Q&A with Dawoud Bey: "Harlem, U.S.A." | Bleader

Q&A with Dawoud Bey: "Harlem, U.S.A."



Dawoud Bey
  • Jason Smikle
  • Dawoud Bey
Nearly 40 years ago, photographer Dawoud Bey was just beginning his first project in Harlem, New York. Bey, who now teaches at Columbia College, grew up in Queens and spent his high school years playing in garage bands. In 1969, when he was 16, he made his way to the Metropolitan Museum of Art to see the exhibit “Harlem on My Mind”—a visit that marked the beginning of Bey’s photographic inquiry. A few years later he took his own camera to the Harlem streets. Bey’s Harlem photographs are alarmingly intimate. His subjects often look directly into the camera, collapsing the invisible boundary between subject and viewer. His lens is rigorous, meaningful, and captures an almost spiritual quality in each subject.

While Bey’s Harlem pictures are his first, his notions of self-presentation and portraiture were already at work. Bey’s exhibit “Harlem, U.S.A.” premiered at the Studio Museum in Harlem in 1979. Today, for the first time since 1979, the Art Institute remounts the show in its entirety. Bey speaks about the show tonight at 6 PM in the Art Institute's Rubloff Auditorium (111 S. Michigan); the event is full, but you can register for the wait list here.

What is it like having your first show, “Harlem, U.S.A.,” remounted?

It’s a very unique opportunity. It’s been really interesting for me, as an artist, having a major exhibition of that work remounted some 36 years after I first showed those pictures. I was a very young artist when I started making those pictures. But I had a very clear sense of what I wanted to do and I was very committed. It just reminds me of how young I was and how far I’ve come.

What were you like as a young artist?

When I started, I hadn’t even been to art school. I barely knew there was such a thing as art school.

It really began when I went to see “Harlem on my Mind” at the Metropolitan Museum at 16. I was very persistent about finding my way to the museum. I was actually on the wrong train because I didn’t know the difference between local and express. I finally got off and walked to the museum. The fact that I didn’t give up, that I was determined to get to the MET, was the same kind of persistence I had when making the photographs in Harlem. I knew it wasn’t as simple as pointing a camera at someone in the streets of Harlem. I didn’t have a foundation and I knew I needed to create one for myself.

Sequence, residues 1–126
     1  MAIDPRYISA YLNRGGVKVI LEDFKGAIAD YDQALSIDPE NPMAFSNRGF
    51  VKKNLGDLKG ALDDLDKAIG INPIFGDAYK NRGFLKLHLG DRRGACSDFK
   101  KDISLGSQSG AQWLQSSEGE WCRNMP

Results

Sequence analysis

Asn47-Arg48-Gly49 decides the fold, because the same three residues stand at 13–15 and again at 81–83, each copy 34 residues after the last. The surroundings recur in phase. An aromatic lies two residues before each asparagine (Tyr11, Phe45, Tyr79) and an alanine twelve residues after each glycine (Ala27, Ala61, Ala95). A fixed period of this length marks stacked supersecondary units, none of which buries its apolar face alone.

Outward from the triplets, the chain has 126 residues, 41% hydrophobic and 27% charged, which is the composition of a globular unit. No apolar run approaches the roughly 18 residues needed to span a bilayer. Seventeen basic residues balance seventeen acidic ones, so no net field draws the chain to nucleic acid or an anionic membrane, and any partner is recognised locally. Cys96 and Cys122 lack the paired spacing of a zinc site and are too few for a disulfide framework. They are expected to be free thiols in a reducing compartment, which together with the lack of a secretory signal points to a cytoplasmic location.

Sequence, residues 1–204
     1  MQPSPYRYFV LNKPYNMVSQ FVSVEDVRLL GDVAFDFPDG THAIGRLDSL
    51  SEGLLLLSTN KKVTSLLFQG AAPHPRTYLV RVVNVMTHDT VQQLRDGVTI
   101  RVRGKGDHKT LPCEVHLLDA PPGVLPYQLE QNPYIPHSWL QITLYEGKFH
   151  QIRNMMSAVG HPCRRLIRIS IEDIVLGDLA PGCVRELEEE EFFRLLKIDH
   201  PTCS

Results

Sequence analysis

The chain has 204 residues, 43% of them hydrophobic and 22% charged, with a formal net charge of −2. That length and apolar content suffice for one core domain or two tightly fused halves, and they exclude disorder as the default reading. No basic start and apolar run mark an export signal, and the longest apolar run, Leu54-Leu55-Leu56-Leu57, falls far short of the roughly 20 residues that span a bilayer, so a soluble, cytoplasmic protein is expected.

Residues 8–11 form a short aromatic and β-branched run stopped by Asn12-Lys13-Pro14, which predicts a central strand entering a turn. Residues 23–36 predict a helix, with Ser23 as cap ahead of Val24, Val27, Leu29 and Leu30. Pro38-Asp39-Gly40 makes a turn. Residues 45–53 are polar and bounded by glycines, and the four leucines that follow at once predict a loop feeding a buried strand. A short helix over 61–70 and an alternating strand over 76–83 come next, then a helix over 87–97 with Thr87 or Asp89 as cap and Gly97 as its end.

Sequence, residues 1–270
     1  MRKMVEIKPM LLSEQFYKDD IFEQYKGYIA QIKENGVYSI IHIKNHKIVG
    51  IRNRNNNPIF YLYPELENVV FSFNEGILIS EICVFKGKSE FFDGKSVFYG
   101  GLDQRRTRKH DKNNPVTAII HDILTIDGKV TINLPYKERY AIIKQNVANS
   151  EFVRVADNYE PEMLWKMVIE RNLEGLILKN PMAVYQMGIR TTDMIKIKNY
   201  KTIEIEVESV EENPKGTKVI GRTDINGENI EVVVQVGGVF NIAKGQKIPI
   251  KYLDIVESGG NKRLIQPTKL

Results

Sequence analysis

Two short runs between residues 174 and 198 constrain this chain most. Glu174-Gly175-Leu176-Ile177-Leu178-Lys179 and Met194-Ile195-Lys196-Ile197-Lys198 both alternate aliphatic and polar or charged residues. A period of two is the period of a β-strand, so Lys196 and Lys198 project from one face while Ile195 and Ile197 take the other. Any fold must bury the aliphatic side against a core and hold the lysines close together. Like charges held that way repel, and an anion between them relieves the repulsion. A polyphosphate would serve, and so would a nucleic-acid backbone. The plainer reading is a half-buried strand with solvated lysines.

Who were the artists who first influenced you?

The first photographer whose work struck me was James Van Der Zee. His photos were made in Harlem and black people were in the pictures. Later, one of the first exhibitions that I went to see in 1976 was Mike Disfarmer’s show at the Museum of Modern Art. Something resonated with me.

This process was a very solitary thing for me. There was no one in my neighborhood who I could ask, “Hey Tyrone, want to got to 57th Street and check out some Richard Avedon?” It didn’t even occur to me, I’d just go. That’s how I began to get a sense of the history of the medium and what kinds of pictures I might want to make.

I wanted to make something of my own that resonated with me as much as those pictures did. I wanted to make something as compelling. That became my challenge. So I began to find my way.

Did you eventually find a community of peers?

Yes. As I continued to work, I began to meet other photographers, and particularly other black photographers. When I started, I didn’t even know there was such a thing. I didn’t have that initial validation in terms of being black and being a photographer. My community really started at the Studio Museum in Harlem. That’s where I met other black folks involved in art making, cultural production, discourse around being black and making art. And that became my real community of support. And it became less of a solitary community at the point. I realized there were a lot more people like me. I just had to find them.